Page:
Forward Converter Design - Part XVII Loop Design and Measurement
Loop design and measurement for the five-output forward converter.
In this article, the loop gain of the five-output forward converter is measured and compared to predictions. The final loop design is compensated with a combination of theoretical design and empirical measurements, resulting in a Type I compensator for optimal results.
Measuring the Loop of a Five-Output Forward
Figure 1 shows a five-output forward converter with coupled inductors. In the last article of this series, the control-to-output transfer function was measured, and found to have significant differences when compared to the predictions. The discrepancies were due to the coupled-output structure of the converter, and parasitics of the magnetics. This leads to measurement results that can be difficult to predict.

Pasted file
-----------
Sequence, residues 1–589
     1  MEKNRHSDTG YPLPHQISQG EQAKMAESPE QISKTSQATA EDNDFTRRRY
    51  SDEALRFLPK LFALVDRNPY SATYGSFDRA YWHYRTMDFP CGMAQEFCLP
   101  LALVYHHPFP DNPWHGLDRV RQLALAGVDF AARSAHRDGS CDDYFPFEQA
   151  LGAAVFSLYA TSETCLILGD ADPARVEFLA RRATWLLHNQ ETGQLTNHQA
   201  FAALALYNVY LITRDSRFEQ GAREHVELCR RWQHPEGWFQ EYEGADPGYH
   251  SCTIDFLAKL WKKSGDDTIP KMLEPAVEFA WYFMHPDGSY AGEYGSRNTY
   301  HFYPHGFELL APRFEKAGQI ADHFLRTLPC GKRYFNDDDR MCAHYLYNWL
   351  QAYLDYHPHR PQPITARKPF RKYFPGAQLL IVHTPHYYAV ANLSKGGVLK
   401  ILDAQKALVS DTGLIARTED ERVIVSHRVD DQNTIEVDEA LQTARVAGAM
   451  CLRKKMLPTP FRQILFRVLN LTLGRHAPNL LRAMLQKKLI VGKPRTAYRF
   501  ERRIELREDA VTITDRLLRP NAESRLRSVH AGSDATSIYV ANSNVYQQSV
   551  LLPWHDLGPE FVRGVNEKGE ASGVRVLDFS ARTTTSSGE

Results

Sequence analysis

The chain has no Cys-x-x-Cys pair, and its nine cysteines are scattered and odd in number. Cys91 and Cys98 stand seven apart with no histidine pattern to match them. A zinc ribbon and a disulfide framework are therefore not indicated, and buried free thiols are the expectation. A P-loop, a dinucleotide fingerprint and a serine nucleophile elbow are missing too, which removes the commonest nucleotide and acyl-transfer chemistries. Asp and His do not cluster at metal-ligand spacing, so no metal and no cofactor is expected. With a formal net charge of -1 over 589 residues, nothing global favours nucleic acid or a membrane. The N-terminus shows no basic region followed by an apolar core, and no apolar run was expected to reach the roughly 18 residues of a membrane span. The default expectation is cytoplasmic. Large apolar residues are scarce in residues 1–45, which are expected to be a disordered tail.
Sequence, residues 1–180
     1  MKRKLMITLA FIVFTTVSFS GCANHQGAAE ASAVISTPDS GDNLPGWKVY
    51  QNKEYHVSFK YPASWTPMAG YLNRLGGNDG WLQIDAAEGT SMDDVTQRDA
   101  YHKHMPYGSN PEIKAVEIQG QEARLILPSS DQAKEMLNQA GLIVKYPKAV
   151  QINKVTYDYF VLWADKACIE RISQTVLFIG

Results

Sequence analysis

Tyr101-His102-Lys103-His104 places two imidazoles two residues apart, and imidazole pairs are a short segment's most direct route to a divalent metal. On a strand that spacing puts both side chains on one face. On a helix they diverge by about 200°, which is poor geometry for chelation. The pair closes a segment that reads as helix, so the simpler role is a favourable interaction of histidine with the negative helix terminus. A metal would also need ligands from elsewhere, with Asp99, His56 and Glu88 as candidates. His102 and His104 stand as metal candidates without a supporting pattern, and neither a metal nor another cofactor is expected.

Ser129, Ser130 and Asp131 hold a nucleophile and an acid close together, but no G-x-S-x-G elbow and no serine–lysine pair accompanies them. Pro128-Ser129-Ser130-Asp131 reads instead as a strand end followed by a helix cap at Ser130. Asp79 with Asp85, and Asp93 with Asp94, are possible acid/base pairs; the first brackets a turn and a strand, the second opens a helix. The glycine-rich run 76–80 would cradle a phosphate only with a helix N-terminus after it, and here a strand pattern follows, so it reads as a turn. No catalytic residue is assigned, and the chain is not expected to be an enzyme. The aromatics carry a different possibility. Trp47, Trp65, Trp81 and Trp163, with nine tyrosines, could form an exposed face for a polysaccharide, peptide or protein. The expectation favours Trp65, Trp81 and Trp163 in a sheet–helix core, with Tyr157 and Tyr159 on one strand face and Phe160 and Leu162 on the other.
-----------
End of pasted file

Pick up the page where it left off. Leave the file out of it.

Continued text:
After measuring the control-to-output transfer function, the compensation was designed, and the control loop was measured as shown in Figure 1. The loop was closed and measured on the 12 V output of the power supply. Normally, a Type II amplifier would be used for a current-mode control loop. However, the characteristics of the coupled-inductor design provide an area of increasing gain in the control-to-output transfer function with a corresponding phase lead. This allows us to use a simple integrator, or Type I compensation.
Figure 1: Forward Converter with Five Coupled-Inductor Outputs. Loop Gain Measured with the AP300 Analyzer on the 12 V Output.
Figure 2 shows the results obtained for the loop gain measurements. It can be seen that there are discrepancies in the measurement and prediction at all frequencies. This is a common result for multiple-output switching power supplies, which is one of the reasons that measurements are crucial for ensuring stability of hardware designs. Rarely are the models accurate enough for coupled-inductor power stages to properly predict stability of the system and ensure a reliable product.
Continue reading this article?